Debbie Almontaser, a Yemeni-American teacher who led the drive to set up a new public school in New York called Khalil Gibran International Academy, was forced to resign her position as principal before the school opened its doors to new students. The reason was a campaign of Islamophobia unleashed by a group that called itself the "Stop the Madrassa Coalition". The group was, in some ways, orchestrated by the Islam basher Daniel Pipes.
The school's mission was to teach Arabic as a foreign language. Almontaser's plan was to have a student body that would be half Arab-American. In all other respects, the Gibran Academy was to be a regular New York public high school. Moreover, in its emphasis in Arabic, the school was similar to dozens of other schools in New York that stress a particular language, such as Spanish or Russian.
The campaign against the Gibran Academy (named after a Lebanese Christian poet) broke out when Pipes wrote an op-ed in the New York Sun, in which he argued that "Arabic-language instruction is inevitably laden with Pan-Arabist and Islamist baggage." He also called the planned school a "madrassa", which is simply the Arabic word for "school" but, as Pipes knows very well, means an "Islamic seminary" in English. More recently, Pipes has admitted that his use of the word "madrassa" was "a bit of a stretch" and a tool he used to "get attention".
Attention he did get: a group of people, including Jeffrey Wiesenfeld, a trustee at City University of New York, gathered around Pipes, and formed the above-mentioned coalition. Having very little information about the planned school to go on, the Coalition to Stop the Madrassa dug into Almontaser's past and her personal activities, and used the information obtained to smear her online and in the media. What motivated them was a desire to stop what Wiesenfeld referred to as "soft jihad", that is, the promotion of "radical Islam", in Pipes's words, through "the school system, the media, the religious organizations, the government, businesses and the like". In other words, the mere teaching of Arabic was construed by the group as equivalent to the promotion of "radical Islam".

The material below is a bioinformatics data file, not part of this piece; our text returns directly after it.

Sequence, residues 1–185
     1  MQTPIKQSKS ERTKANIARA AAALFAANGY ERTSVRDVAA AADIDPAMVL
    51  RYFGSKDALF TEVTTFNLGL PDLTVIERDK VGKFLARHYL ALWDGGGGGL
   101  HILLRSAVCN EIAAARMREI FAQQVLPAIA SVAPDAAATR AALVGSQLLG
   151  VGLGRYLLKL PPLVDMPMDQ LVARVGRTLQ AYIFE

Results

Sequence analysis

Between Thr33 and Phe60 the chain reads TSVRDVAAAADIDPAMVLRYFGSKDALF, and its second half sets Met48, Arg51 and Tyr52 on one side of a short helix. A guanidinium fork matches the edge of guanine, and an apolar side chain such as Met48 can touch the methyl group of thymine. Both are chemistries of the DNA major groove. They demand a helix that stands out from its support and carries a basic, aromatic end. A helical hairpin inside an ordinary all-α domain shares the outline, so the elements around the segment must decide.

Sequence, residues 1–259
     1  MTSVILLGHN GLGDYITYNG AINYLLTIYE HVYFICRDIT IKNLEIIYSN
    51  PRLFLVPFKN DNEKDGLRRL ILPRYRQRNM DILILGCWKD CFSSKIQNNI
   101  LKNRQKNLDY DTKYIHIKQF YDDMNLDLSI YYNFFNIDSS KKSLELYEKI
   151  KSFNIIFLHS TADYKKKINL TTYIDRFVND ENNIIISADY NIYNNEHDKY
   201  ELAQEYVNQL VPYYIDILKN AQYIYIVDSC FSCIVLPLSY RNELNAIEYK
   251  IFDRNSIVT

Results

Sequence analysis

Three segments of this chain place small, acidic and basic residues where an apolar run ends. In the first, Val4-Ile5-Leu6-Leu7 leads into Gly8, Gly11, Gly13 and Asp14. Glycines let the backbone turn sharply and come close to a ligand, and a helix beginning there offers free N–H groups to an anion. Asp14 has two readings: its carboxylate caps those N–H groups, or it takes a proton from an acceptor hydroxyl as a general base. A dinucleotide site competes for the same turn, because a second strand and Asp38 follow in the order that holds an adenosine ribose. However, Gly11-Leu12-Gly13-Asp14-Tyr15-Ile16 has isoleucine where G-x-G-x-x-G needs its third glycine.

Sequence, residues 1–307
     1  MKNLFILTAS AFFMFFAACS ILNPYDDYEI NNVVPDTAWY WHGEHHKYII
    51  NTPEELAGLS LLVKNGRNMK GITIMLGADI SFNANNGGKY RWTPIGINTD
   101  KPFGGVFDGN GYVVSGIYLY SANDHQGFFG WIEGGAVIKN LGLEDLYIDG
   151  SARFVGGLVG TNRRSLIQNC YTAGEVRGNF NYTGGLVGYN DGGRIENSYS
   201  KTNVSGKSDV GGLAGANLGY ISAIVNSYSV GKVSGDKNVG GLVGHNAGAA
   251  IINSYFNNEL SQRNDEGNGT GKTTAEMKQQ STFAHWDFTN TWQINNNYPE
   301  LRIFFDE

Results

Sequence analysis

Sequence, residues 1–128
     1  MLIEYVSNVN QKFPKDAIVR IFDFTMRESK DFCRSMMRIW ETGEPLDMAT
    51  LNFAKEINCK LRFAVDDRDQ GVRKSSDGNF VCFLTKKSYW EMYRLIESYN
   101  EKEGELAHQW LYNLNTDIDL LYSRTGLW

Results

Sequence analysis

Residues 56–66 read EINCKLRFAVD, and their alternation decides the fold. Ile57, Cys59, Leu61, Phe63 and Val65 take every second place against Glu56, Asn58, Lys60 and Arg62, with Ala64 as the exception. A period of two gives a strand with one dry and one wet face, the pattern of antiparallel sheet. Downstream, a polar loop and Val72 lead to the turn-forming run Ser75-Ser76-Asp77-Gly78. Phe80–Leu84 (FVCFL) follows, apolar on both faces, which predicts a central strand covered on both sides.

What helped the Coalition clinch its case was an interview with the New York Post, in which Almontaser explained that the word "intifada" meant "a shaking off". She was asked about the shirts because some teenaged members of an Arab-American women's group she belonged to had been seen selling T-shirts that said "Intifada NYC" on them. The Post misquoted Almontaser as saying that the girls selling the T-shirts had been "shaking off oppression".
That was too much for the city's Education Department to bear, and Almontaser was asked to resign by Deputy Mayor Dennis Walcott, who added that she had until 8:00 am the next day to resign, because Mayor Michael Bloomberg wanted to announce her resignation "on his radio show". Almontaser resigned, but filed a lawsuit to try to get her job back. A panel of federal judges has recently ruled that the New York Post has misreported the comments she had made to the paper.
The school did open under the direction of a different principal, Danielle Salzberg, who does not speak Arabic and soon made a name for herself with her authoritarian methods. Meanwhile, Almontaser has been assigned to a school inspection job, and has been allowed to keep her principal's pay of US $120,000 (Canadian $121,722) per year. The Coalition to Stop the Madrassa, for its part, continues to protest against the existence of the school (New York Times).